Nothing is known about the biology of Strumigenys urrhobia.
Bolton (2000) - A member of the Strumigenys schulzi-group. The material examined from Brazil (a single specimen in MZSP) has the eyes with 4 ommatidia in the longest row and lacks a conspicuously projecting apicoscrobal hair. The eyes are only slightly larger than the Trinidad and Colombia samples where the longest row has 3 ommatidia. This is not considered significant as many species show variation in eye size of this magnitude. Lack of the apicoscrobal hair is of greater significance as location and number of specialised hairs is usually consistent within species, but because only a single specimen is present it is impossible to say whether its absence is natural or the result of abrasion.
S. urrhobia shares a diagnostic dental pattern with Strumigenys emiliae, described in detail under the introductory notes on the species-group. In both species the three stout basal teeth and the broad plate-like fourth tooth tend to be conspicuous, even when the mandibles are fully closed. Both species also have relatively small eyes, slender scapes, convex anterior clypeal margins and postpetiole discs that are not blanketed with dense reticulate-punctate sculpture. The two are easily separated as urrhobia has erect hairs on the vertex and at the pronotal humeri; absent from both these locations in emiliae.
Keys including this Species
Distribution based on Regional Taxon Lists
Distribution based on AntMaps
Distribution based on AntWeb specimens
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The following information is derived from Barry Bolton's New General Catalogue, a catalogue of the world's ants.
- urrhobia. Pyramica urrhobia Bolton, 2000: 228, figs. 154, 193 (w.) TRINIDAD. Combination in Strumigenys: Baroni Urbani & De Andrade, 2007: 130
Unless otherwise noted the text for the remainder of this section is reported from the publication that includes the original description.
Holotype. TL 1.7, HL 0.44, HW 0.36, CI 82, ML 0.10, MI 23, SL 0.22, SI 61, PW 0.22, AL 0.46. Dentition as described under notes on group. Anterior clypeal margin convex; outer margins of fully closed mandibles passing outside anterolateral clypeal angles in full-face view. Scape slender, in dorsal view not strongly dorsoventrally flattened, broadest distal of the midlength. Eye relatively small, with 3 ommatidia in the longest row. Apicoscrobal hair stout and distinct, slightly thickened apically and weakly curved anteriorly. Cephalic dorsum with a transverse row of 4 long erect hairs behind highest point of vertex, these hairs strongly differentiated from the ground-pilosity which is of small curved narrowly spatulate hairs that are subreclinate. Pronotal humeral hair stout and straight; mesonotum with a single pair of similar standing hairs. Waist segments and first gastral tergite with stout erect hairs that tend to be somewhat thickened apically and curved posteriorly. Dorsal and lateral surfaces of ali trunk reticulate-punctate except for a smooth area on the katepisternum. Ventral surface of petiole with a cuticular carina but lacking a spongiform curtain. Petiole node in dorsal view broader than long, feebly reticulate-punctate. Disc of post petiole superficially sculptured, weakly granulate, not smooth but not reticulate-punctate. Basigastral costulae sharply defined, remainder of tergite smooth.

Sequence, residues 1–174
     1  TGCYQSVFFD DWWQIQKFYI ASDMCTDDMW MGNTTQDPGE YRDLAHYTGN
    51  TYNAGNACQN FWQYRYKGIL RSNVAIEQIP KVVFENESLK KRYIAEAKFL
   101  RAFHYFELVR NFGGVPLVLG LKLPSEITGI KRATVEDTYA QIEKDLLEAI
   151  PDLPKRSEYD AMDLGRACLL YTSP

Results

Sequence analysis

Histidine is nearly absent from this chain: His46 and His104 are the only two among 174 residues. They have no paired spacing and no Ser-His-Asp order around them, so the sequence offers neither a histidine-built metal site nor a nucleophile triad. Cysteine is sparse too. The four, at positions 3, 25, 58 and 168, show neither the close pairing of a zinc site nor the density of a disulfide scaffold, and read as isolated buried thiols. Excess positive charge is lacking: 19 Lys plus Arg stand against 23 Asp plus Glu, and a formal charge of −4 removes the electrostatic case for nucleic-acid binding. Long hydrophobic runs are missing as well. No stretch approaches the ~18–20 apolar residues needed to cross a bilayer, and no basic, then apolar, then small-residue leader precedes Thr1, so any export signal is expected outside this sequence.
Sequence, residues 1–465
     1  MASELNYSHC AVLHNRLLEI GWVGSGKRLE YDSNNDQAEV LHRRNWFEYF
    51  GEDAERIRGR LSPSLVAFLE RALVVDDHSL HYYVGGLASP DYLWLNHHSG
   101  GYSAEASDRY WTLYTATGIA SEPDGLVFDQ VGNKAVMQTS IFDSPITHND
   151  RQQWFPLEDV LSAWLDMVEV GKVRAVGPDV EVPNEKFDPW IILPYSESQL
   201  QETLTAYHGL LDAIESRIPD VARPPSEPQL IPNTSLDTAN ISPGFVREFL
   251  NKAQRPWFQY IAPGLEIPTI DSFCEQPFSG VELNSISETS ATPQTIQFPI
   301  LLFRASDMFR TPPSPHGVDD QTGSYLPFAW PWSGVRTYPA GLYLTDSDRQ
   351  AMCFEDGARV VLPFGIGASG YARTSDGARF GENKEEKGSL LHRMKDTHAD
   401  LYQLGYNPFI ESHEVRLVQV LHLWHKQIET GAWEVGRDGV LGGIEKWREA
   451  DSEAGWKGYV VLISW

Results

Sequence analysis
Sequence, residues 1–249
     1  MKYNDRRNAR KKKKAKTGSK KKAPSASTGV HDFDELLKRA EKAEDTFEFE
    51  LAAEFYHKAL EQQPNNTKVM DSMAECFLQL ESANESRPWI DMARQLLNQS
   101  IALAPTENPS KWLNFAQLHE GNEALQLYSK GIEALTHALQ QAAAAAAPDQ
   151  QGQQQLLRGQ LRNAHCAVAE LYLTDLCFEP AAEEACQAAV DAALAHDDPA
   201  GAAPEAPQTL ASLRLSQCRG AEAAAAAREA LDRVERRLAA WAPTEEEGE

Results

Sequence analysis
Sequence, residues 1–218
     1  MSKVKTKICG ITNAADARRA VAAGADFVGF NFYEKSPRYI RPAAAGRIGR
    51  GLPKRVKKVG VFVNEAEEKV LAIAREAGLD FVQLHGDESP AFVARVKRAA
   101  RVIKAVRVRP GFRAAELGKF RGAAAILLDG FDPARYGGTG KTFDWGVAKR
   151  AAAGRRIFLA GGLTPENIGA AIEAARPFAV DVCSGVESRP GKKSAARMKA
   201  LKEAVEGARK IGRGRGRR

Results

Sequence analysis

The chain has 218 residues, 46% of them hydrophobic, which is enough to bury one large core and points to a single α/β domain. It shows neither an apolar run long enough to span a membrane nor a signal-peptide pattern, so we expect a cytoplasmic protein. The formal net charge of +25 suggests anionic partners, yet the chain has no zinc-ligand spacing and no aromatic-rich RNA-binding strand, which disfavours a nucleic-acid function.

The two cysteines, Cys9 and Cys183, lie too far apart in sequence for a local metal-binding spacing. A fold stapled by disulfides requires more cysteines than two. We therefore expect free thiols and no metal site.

Paratypes. TL 1.7-1.8, HL 0.44-0.46, HW 0.36-0.38, CI 80-84, ML 0.10-0.11, MI 22-24, SL 0.2-0.24, SI 60-63, PW 0.22-0.26, AL 0.46-0.48 (6 measured).
Holotype worker, Trinidad: Mayaro, 5.viii.1976 (J. Noyes) (The Natural History Museum).
Paratypes. 2 workers Trinidad: Arena Res., 3.viii.1976 (J. Noyes); 2 workers Trinidad: Brasso, 28.vii.1976 (J. Noyes); 4 workers Colombia: Putumayo, Villa Garzon, 14.viii.1977 (D. Jackson) (The Natural History Museum, Museum of Comparative Zoology, Museu de Zoologia da Universidade de Sao Paulo).
- Baroni Urbani, C. & De Andrade, M.L. 2007. The ant tribe Dacetini: limits and constituent genera, with descriptions of new species. Annali del Museo Civico di Storia Naturale “G. Doria”. 99:1-191.
- Bolton, B. 2000. The ant tribe Dacetini. Memoirs of the American Entomological Institute. 65:1-1028. (page 228, figs. 154, 193 worker described)